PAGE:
8. If no battery, run a wire from the negative bus bar you set up in Step 7 to ( … where? I haven't found this answer yet.)
  9. Connect the battery, if any.
    1. Connect the black battery wire from the negative pole of the battery to the negative bus bar you set up in Step 7. Connect another wire from the negative bus bar to the lug marked in Fig. 2 as BATTERY NEG. -.
    2. Connect the red battery wire from the positive pole of the battery to the positive lug marked in Fig. 2 as BATTERY POS. +.
  10. Test with multimeter. I have no idea yet how to do this.
  11. Test with live power. Plug in shore power and test all fixtures. Look for smoke and/or funny smells.

Cutoff Switch / Breaker / Fuse to Battery

If you are connecting a battery to the converter side to charge it, then you need at the very least a fuse close to the battery, between the battery and converter. Some people (8ball_99) use an external breaker, so that the breaker can be reset, and also because a breaker can be used as a cutoff switch. Some (MtnDon) use a type T fuse that blows quickly in case of overload, for greater safety.

It is important to be able to cut power to the battery when not in use, in case of a short. Whether to do this with with a fuse or a breaker or a switch is a matter of convenience and personal preference.

The PD4045 provides a way to wire the battery cutoff into the unit. There’s an L-shaped jumper that connects the positive lug to an additional lug. If you are using a cutoff switch, you remove that jumper and put the switch in place of the jumper to connect those lugs together. You’ve just added a way to shut off the connection between the lugs.

I don’t see the benefit of putting the switch in this way, though, as opposed to putting it in the line coming off the battery, which should work just as well and which some people prefer.

Grounding the Frame

There needs to be a path from the frame to AC ground, in case a hot wire contacts the frame. Without such a path, a person entering or leaving the trailer could become the path to ground and be electrocuted. Run a green wire from the ground bus to the frame.

Grounding DC

This is controversial. Because all the DC goes through the converter, which is grounded via the AC ground wire, some say there is no need to ground the various appliances and fixtures to the frame. Others say that it is a must, but I’m not clear on why.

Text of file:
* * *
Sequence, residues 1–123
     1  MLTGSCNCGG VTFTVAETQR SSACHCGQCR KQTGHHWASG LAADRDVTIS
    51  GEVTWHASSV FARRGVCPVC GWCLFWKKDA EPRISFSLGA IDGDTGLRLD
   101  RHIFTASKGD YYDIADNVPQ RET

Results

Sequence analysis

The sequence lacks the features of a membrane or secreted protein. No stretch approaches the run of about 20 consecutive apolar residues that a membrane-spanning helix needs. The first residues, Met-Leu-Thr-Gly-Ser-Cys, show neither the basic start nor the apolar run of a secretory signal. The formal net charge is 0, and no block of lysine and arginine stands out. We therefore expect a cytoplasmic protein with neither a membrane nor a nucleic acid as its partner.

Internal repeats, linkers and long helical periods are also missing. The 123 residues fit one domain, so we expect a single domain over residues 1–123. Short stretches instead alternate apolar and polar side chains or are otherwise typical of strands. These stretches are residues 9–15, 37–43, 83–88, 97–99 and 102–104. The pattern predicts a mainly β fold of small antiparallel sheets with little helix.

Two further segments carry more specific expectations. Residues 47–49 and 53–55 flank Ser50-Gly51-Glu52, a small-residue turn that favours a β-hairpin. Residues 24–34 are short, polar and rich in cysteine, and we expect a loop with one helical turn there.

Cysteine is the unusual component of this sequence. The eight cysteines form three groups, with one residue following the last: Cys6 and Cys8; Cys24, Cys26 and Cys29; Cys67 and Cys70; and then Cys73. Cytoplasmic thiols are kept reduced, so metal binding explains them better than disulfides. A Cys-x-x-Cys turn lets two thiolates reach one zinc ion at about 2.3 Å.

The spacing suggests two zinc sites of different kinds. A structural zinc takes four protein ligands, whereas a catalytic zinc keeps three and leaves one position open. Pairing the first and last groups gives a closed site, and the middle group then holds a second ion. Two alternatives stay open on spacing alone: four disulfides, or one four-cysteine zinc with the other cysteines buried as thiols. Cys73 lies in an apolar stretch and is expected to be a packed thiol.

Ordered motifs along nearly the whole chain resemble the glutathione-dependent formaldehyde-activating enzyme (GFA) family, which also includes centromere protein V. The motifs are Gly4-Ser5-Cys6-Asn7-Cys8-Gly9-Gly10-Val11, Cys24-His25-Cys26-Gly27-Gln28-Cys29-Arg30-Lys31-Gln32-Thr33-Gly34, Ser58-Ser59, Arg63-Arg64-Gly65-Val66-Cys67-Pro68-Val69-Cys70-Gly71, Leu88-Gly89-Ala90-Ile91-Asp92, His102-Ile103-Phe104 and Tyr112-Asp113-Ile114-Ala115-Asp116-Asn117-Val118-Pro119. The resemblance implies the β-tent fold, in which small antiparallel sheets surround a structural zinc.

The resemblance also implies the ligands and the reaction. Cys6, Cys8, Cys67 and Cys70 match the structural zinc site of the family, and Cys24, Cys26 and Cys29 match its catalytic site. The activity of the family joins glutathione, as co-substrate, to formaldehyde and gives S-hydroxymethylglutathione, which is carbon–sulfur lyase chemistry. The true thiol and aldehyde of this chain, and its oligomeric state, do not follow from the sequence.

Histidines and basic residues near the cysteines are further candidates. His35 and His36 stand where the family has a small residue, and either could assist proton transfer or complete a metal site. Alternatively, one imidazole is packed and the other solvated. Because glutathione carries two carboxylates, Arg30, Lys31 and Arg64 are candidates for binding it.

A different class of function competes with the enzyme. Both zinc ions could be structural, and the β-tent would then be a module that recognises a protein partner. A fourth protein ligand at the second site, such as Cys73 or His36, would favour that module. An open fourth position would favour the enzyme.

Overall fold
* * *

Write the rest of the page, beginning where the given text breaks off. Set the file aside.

(Some discussions refer to running DC negative back to the converter as “grounding” or use "negative" and "ground" interchangeably. I find this very confusing. See item #7 above. I would love to straighten this part out.)

Warnings
  • Make sure the unit has adequate ventilation.
  • There is a right side up. Don’t mount the unit sideways or upside down.
  • Don’t mount the unit in the same compartment as gas or a battery.
  • Mount the unit in an interior and dry location, not in a wet or damp location.
  • When connecting to shore power, first test the pedestal or outlet you are connecting to. It’s important that the outlet be wired properly, and sometimes they’re not.
  • Common faults are reversed polarity and open neutral. There are testers for this purpose.
  • When connecting to shore power, it’s also good to use a voltage regulator and surge protector. AC power supply can be dangerously unstable, so it helps to have a buffer.
  • If you want to be cool like me, you can get one unit that does all that testing and protection in one go. I chose this one.
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Re: Early draft of PD4045 step by step

Postby CaptD » Sat Apr 23, 2016 10:32 am

Yes I want to be cool like you :applause: Thank you so much for your time and research into the PD4045. I ordered mine earlier this week from best converter where Randy the owner is available for tech support. Many have complained about the poor instructions for installation of this unit. Your info will make my install less painful. Thanks again. YOU ROCK!! :thumbsup:
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Re: Early draft of PD4045 step by step

Postby springdew » Sat Apr 23, 2016 8:32 pm

Thanks. I just hope I've got it right. Or mostly right. I hope others will add any corrections.

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Re: Early draft of PD4045 step by step

Postby noseoil » Sun Apr 24, 2016 7:53 am

Good job on this explanation. I would change the sequence a bit on the DC side of things. I wired the DC circuits to the panel & then inserted fuses to each one & checked to make sure it was good.